The Fellowship of the Ring | The Two Towers The Return of the King

An Unexpected Journey | The Desolation of Smaug

Tag Cloud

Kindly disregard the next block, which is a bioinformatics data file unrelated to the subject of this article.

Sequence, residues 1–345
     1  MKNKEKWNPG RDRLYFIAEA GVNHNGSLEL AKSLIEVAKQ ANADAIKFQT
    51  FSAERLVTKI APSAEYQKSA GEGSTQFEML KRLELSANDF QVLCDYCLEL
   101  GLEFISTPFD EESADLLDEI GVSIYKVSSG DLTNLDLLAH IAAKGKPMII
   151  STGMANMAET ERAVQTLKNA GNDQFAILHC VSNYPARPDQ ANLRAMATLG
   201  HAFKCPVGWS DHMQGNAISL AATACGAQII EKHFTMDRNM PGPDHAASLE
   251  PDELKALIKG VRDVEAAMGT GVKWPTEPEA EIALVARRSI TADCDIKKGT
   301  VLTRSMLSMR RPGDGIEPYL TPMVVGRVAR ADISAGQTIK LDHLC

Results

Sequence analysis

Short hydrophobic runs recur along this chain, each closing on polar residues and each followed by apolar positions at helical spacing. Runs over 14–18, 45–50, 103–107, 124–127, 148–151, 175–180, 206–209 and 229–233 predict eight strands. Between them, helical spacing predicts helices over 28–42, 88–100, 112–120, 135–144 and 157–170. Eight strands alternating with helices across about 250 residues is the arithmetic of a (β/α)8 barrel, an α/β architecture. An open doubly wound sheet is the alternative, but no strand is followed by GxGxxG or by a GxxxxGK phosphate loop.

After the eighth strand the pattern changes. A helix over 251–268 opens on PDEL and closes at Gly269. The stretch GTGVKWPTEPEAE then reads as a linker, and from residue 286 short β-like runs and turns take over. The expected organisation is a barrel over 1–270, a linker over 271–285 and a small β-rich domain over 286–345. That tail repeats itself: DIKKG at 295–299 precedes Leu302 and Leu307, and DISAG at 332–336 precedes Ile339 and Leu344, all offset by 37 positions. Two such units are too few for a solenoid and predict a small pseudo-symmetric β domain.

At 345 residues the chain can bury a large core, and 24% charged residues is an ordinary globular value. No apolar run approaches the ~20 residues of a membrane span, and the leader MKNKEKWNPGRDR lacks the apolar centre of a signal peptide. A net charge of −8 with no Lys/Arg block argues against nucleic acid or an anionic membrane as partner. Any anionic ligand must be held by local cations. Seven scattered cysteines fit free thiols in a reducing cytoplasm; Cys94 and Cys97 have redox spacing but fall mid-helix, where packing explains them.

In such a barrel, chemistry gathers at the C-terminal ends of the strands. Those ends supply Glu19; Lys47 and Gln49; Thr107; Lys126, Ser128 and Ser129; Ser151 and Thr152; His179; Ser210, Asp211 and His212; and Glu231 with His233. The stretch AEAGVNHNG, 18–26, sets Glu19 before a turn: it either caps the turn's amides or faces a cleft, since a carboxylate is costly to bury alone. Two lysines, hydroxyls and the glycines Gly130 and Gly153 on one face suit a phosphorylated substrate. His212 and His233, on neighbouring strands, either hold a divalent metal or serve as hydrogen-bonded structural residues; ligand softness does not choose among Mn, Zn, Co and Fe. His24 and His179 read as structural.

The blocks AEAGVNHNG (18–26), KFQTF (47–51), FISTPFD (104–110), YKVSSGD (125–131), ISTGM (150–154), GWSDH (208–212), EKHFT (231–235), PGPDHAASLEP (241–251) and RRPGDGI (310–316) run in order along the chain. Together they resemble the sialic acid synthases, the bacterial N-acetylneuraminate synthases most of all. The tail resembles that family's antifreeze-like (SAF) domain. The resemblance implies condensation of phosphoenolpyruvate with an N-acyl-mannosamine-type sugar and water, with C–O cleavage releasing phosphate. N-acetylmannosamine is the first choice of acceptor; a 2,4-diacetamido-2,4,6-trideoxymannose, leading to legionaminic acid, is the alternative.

WGN elevated horror CBS aliens Drama The CW Tumblr TV TCM PaleyFest toy story festivals boxoffice Spring TV Superheroe Sneak Peek Pop Pirates Freeform Reality GoT TIFF A&E SXSW Reality Competition Paramount thriller Interview Comedy Central Heroines Brie Larson 2017 PBS Creative Arts Emmys AMC VICE Western casting Food Network serial killer true crime vampires Box Office USA mockumentary DC Comics Lionsgate adaptation spy thriller Podcast strong female leads BBC spider-man The Arrangement Musical Calendar The Witch Sci-Fi Action cooking Valentine's Day ratings Sundance Now Premiere Dates Logo Disney Channel Elton John sitcom streaming YouTube Premium finale anime FOX Fantasy game show Set visit Rocky CMT SDCC Fox News FX First Look Apple theme song cinemax Nat Geo Emmys VH1 Year in Review Sundance Anna Paquin 45 social media National Geographic Grammys Columbia Pictures Showtime Amazon crime thriller 2018 RT21 politics TNT Trivia Awards Tour ABC Comedy CBS All Access DirecTV Pixar television Rock LGBT police drama Captain marvel Cartoon Network Tarantino Martial Arts Writers Guild of America Universal Paramount Network TCA Mary poppins animated Adult Swim science fiction Disney binge Election mutant Pet Sematary Watching Series E3 romance YouTube Red Spectrum Originals Amazon Prime TV Land psychological thriller Red Carpet blaxploitation anthology Britbox transformers doctor who History Esquire Country supernatural 21st Century Fox Winners MCU harry potter Winter TV GLAAD Walt Disney Pictures Masterpiece President OWN Film Festival Spike spinoff Trailer Star Wars LGBTQ Certified Fresh Warner Bros. BBC America 2016 Rom-Com 007 MSNBC robots medical drama sports TCA 2017 Chilling Adventures of Sabrina jamie lee curtis composers FXX Animation cults RT History IFC Mary Poppins Returns Cannes 2019 Bravo war Musicals TruTV San Diego Comic-Con Extras Starz justice league DGA zero dark thirty sequel Unbreakable Kimmy Schmidt unscripted HBO docudrama Chernobyl CNN Nominations crime Star Trek dramedy Countdown Mary Tyler Moore TBS Pride Month Lifetime Best and Worst singing competition GIFs hist disaster Lucasfilm cops political drama cats YA NYCC Video Games Thanksgiving Mystery teaser Marvel Summer Super Bowl Hulu comiccon Sony Pictures SundanceTV Dark Horse Comics what to watch Photos Tomatazos Opinion Polls and Games zombie DC Universe Nickelodeon Ghostbusters historical drama Women's History Month Schedule psycho Syfy Cosplay space APB Awards MTV Music facebook crime drama Comic Book TLC Mindy Kaling Fall TV travel Epix El Rey adventure Song of Ice and Fire New York Comic Con Acorn TV Marathons dceu nature dc biography Infographic Character Guide Rocketman Trophy Talk Kids & Family based on movie diversity Christmas Shondaland Oscars Ovation technology X-Men 2015 zombies crossover Comics on TV richard e. Grant IFC Films Holidays DC streaming service USA Network Stephen King E! Biopics witnail discovery ESPN Superheroes CW Seed ABC Family Horror Vudu Black Mirror Netflix comic award winner BET natural history talk show American Society of Cinematographers Crackle Shudder golden globes period drama NBC 24 frames Mudbound miniseries Toys 20th Century Fox Teen ITV Ellie Kemper dragons Quiz green book See It Skip It